As I told the students, the two world wars of the bloody 20th century are still affecting us today. According to the PowerPoint presentation, the "MAIN" causes of WWI were Militarism, Alliances, Imperialism, and Nationalism. There's certainly no shortage of examples of how those paradigms plague us today, and helped lead to the conflict with fundamentalist Islamist militants.
Just like the great powers of Europe, the United States is armed to the teeth, which as history tells us, can be a double-edged sword. As I explained it in terms they could relate to, if you're packing heat on the street, you're more likely to respond to a beef in ways that end up making it worse for all concerned.
Our alliances with monarchs and dictators across the Middle East have led to headaches in every decade since WWII ended, most certainly including this one. Imperialism (which the students had already learned is about securing raw materials and markets) isn't as simple these days as occupying other people's countries, though we still do a bit of that as well. But when there's a boot on your country's neck, you don't particularly care if the boot is made locally; it's the foot inside that counts.
Just like the American colonists did, I said, the people under the boots of the British (or the Ottomans, or the Hapsbugs) wanted their independence. And quite a few still do. So the nationalism of various cultures across the Middle East has made life difficult for the allies we've depended on to keep our supplies of raw materials constant (or relatively so).
But bin Laden himself made the connections more explicit. Even though he wasn't even born yet, he was still upset about the way World War I was settled. As he wrote shortly after the 9/11 attacks:
Following World War I, which ended more than 83 years ago, the whole Islamic world fell under the crusader banner - under the British, French, and Italian governments. They divided the whole world, and Palestine was occupied by the British.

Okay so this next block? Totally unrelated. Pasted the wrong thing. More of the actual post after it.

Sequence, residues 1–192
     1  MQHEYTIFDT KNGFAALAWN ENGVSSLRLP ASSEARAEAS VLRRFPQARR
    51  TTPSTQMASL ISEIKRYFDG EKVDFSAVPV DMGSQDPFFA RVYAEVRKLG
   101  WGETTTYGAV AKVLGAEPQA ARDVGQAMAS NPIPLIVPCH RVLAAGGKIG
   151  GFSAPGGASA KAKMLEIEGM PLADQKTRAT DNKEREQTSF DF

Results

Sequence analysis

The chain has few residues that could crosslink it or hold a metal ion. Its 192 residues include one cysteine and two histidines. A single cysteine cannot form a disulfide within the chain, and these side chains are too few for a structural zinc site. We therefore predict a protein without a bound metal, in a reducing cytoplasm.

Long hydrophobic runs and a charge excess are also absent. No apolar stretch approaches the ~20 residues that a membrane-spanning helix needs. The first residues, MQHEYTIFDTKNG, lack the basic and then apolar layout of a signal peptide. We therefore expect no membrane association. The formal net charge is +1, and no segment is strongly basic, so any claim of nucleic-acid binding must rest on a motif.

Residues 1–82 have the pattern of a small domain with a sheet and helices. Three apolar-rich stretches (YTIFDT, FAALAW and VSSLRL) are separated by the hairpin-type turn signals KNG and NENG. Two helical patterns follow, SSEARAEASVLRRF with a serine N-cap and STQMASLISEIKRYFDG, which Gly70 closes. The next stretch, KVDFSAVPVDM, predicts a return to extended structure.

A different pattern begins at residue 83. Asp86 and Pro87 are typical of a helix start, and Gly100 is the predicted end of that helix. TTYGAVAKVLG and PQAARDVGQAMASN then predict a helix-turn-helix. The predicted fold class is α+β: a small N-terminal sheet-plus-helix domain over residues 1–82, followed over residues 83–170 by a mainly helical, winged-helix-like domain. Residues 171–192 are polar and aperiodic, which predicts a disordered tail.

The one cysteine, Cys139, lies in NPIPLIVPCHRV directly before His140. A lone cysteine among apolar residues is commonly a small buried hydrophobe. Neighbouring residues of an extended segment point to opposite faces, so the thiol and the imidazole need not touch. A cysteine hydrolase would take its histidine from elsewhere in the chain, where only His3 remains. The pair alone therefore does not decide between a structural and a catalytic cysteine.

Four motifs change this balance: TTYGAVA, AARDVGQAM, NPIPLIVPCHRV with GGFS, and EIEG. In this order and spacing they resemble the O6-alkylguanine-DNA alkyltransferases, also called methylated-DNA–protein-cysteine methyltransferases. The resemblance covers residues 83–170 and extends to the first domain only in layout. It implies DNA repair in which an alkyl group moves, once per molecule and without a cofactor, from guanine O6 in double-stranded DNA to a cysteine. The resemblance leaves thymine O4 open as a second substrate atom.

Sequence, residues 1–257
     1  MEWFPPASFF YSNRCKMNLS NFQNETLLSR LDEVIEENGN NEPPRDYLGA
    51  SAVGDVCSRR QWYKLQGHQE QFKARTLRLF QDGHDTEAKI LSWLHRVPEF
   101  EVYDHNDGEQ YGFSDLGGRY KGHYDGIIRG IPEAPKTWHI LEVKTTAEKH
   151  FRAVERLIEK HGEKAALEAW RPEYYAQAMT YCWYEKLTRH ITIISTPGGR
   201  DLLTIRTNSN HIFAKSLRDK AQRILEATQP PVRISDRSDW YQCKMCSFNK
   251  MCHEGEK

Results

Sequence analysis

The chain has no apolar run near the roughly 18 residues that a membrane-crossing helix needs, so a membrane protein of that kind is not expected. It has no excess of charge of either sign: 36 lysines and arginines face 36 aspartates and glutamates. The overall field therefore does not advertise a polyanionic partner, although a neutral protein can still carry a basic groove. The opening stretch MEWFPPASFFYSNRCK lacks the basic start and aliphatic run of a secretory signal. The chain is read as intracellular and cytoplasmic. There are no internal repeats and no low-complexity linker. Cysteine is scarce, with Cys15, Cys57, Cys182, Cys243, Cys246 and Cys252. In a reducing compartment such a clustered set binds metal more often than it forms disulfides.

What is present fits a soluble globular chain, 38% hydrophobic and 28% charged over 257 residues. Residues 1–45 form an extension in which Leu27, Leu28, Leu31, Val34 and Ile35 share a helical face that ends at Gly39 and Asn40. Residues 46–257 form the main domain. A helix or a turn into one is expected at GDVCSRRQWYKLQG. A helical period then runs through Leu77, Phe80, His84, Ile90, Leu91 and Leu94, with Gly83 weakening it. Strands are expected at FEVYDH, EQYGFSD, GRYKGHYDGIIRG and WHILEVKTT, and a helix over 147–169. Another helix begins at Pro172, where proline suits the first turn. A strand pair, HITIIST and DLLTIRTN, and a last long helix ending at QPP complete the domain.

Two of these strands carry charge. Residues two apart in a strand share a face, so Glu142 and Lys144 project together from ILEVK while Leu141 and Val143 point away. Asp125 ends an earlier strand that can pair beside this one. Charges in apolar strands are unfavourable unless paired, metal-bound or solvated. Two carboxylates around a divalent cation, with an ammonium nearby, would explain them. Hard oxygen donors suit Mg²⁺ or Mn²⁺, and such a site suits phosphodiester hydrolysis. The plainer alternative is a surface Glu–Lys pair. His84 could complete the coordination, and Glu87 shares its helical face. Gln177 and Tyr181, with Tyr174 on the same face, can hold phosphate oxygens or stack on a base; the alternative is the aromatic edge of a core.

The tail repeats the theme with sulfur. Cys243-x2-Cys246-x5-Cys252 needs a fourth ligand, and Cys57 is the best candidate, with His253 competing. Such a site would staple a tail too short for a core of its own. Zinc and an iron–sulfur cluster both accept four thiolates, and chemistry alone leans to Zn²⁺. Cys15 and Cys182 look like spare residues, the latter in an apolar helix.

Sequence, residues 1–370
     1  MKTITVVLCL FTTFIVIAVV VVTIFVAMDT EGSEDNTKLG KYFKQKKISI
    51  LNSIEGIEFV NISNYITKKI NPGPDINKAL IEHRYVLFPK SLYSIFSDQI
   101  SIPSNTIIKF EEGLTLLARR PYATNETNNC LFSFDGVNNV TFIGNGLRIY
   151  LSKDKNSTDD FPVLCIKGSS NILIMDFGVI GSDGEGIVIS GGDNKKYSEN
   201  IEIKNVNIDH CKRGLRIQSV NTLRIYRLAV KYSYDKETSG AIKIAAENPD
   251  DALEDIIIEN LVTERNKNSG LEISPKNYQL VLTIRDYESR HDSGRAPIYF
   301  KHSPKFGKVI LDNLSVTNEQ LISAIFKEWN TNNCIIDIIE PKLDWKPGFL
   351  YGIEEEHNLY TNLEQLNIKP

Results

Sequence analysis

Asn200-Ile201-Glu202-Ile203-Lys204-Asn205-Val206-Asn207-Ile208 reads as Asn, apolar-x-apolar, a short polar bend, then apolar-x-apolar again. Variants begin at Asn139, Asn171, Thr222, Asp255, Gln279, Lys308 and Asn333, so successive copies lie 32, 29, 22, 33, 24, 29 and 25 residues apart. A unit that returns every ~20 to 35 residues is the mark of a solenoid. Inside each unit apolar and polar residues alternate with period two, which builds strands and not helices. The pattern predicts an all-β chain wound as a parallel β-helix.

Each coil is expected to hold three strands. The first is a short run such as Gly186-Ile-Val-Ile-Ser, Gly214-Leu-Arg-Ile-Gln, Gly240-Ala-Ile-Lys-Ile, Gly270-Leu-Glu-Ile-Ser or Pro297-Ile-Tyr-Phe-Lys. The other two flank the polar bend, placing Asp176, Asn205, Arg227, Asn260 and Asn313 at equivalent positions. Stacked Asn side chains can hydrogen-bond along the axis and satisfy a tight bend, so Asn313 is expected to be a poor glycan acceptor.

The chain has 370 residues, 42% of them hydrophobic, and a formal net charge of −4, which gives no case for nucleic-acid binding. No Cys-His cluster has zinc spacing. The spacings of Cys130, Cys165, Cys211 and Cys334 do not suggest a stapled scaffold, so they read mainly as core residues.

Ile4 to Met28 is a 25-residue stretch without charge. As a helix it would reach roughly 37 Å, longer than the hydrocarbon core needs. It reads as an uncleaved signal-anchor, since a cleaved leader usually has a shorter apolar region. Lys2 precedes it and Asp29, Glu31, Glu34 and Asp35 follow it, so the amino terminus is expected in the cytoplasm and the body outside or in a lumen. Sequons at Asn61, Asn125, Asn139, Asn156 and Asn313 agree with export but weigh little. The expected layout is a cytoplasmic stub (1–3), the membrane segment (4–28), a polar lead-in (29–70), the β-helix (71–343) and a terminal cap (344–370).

Since then, and for more than 83 years, our brothers, sons, and sisters in Palestine have been badly tortured. Hundreds of thousands of them have been killed, and hundreds of thousands of them have been imprisoned or maimed.Palestine alone wasn't the whole of OBL's list of complaints against the West – he also referenced the civilian toll of the sanctions regime between the two Iraq wars, and the presence of US troops on Saudi soil. But his reference to the Sykes-Picot agreement was a handy hook for our purposes. As I explained it, the British and the French had a knack for drawing borders in such a way that the resulting states were nearly ungovernable without autocratic central governments dependent on a more powerful patron, like, say, Britain or France. Divide and conquer was the strategy, and divide they did.
The borders of Iraq put three rival groups in one "country," and made the Shiites a majority, with the minority Sunnis running the show. The Durand line split the Pashtoon people apart, half in Afghanistan and half in Pakistan, while the rest of Afghanistan was filled up with rival tribes. If this doesn't sound like a recipe for stability, it wasn't meant to be. It was meant as a recipe for domination, and it worked quite well, for a time.
Eventually, of course, the USA replaced the British as the main imperial power in the Middle East, and the rest, as they say, is history.
Of course, the students wanted to know if the death of bin Laden meant that "the war" is over. I had to explain that right now, we're engaged in three separate wars, maybe three and a half if you count Yemen. And that's where the other obvious parallel leaps out: the Hapsburg Empire freaked out and responded to an act of terrorism by attacking an entire country, which led to the Great War to End All Wars. Likewise, the US Empire freaked out and attacked an entire country, which led to the Global War on Terror. And unfortunately, that's exactly what Osama bin Laden hoped we would do.
So this isn't over. It's never over.